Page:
I was talking to an Italian friend and explaining how I was conducting a job interview for some new graduates at our office. I used the word ‘intervista’ to describe this–which, as I was rapidly pointed out, is of course incorrect. Indeed, ‘intervista’ is a classic example of a false friend, i.e. a word that sounds like a word in your native language but has an entirely different meaning in the one you are learning. Although an intervista is indeed an interview of sorts, it is only used to describe a meeting between a journalist or presenter and a subject. For example, “Il giornalista ha avuto un’intervista col ministro.” (The journalist had an interview with the minister).
One of my favourite Italian phrases is “ti voglio bene.” Now, this translates literally as “I want good (for) you” or in a more refined way as “I wish you well.” However, neither of these translations captures the depth of the Italian expression.
I remember being confused the first time I heard an Italian talk about his ‘paese’, having assumed that he was talking about Italy but gradually realising he was only really referring to his home village. What does this word actually mean?
In English, we typically use the word ‘Romans’ to refer to the inhabitants of the ancient city of Rome and the citizens of the Roman Empire. It feels a little strange to use the word to refer to the modern-day inhabitants of the Italian capital. We’d probably say something on the lines of “He’s from Rome,” or “It’s a style seen in Rome.”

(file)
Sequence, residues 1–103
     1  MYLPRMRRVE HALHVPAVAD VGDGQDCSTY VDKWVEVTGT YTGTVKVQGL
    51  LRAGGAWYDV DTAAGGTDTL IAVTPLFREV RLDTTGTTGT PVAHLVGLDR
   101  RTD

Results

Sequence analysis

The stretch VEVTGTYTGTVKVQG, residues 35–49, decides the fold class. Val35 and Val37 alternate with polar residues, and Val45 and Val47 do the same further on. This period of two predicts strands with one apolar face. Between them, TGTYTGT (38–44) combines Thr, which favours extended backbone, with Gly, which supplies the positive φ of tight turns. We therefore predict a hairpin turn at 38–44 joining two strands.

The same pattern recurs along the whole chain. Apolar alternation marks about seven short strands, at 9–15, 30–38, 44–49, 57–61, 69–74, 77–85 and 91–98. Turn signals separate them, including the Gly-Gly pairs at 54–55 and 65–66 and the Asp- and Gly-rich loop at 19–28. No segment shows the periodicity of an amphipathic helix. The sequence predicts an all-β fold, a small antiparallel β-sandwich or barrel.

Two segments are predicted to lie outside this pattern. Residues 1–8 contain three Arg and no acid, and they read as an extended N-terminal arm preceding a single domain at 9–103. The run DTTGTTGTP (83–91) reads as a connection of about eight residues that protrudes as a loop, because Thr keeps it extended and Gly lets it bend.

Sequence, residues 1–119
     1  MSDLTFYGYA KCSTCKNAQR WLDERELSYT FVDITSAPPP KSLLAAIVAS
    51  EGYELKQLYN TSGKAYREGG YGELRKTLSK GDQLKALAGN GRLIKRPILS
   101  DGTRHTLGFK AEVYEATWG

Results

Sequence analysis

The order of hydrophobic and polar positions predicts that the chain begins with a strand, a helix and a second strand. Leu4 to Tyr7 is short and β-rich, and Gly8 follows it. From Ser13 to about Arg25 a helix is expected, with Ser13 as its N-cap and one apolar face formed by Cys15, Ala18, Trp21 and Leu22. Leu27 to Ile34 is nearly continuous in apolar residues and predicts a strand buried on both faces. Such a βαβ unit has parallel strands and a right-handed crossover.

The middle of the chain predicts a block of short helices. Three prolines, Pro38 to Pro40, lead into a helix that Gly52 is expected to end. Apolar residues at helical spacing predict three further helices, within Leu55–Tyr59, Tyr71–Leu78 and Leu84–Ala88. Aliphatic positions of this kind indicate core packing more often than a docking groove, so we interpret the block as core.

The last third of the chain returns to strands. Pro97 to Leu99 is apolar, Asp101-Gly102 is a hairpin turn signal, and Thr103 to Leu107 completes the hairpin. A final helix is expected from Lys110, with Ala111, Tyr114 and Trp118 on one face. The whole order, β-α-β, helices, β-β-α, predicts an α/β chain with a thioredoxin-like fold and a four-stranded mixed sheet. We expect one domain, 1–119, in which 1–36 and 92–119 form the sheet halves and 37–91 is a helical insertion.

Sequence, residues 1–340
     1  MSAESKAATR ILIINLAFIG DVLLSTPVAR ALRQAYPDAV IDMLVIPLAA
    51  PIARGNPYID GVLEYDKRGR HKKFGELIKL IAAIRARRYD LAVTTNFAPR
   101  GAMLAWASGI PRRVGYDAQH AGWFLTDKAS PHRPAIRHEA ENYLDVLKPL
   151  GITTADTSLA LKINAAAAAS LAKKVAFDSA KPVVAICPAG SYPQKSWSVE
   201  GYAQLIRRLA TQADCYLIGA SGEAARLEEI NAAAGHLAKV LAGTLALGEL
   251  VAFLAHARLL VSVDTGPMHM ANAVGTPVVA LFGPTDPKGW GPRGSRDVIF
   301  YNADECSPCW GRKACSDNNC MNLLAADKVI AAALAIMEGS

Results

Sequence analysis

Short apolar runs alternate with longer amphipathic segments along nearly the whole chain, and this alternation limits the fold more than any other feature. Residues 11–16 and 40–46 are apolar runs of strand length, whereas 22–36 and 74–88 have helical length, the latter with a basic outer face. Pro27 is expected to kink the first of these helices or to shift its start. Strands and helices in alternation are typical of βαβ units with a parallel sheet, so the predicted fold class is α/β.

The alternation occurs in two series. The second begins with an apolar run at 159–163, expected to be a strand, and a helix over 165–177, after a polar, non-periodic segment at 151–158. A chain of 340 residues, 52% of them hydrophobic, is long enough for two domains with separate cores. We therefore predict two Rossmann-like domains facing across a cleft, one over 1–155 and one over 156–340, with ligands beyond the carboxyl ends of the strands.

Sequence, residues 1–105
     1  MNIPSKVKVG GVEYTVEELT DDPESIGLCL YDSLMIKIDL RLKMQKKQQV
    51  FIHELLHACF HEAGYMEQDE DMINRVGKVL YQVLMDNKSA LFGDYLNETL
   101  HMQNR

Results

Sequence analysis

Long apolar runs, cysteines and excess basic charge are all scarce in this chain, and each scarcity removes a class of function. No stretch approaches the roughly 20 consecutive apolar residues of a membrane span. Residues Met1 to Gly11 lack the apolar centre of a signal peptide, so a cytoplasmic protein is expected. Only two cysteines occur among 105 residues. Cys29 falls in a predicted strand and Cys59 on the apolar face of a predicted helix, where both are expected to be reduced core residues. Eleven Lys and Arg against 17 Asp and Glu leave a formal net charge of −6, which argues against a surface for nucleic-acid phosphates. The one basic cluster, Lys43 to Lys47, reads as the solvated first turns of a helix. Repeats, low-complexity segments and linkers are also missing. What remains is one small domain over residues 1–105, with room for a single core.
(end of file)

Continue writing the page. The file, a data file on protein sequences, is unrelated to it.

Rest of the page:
The phrase ‘fare la bella figura’ is commonly used to describe the supposed (often true, though stereotypes are unfair) Italian preoccupation with keeping up appearances. It translates literally as ‘making a beautiful figure’ or more accurately as ‘making a good impression’. It is not, as is often assumed, simply to do with how you dress, or just looking good. It is also about how you behave and the kind of impression you leave on other people, particularly in public. The last thing you want to do is to ‘fare la brutta figura’, or ‘make an ugly figure’. In English, we’d translate this as ‘making a bad impression’.
Yes, this indeed a post about the green sprouting vegetable called broccoli. In fact, the English word ‘broccoli’ originates from the plural of the Italian ‘broccolo’, which–according to English Wikipedia–refers to the flowering top of a cabbage. I haven’t found this definition anywhere else so can’t confirm it. However, a ‘broccolo’ can also be used as a fun insult: e.g. “Che broccolo!” or “What a dumb/stupid person.”
Have there ever been three more similar sounding and confusing words? The first one (perché) will be almost immediately familiar to students of Italian–it is of course the word for both ‘why’ and ‘because’. Confusing enough in itself. Back at school in Florence (goodness knows I’ll be talking about this often enough), I remember being struck by the fact that the teacher would ask a question “Perché…?” and the unfortunate classmate would also answer beginning with “Percheeee…”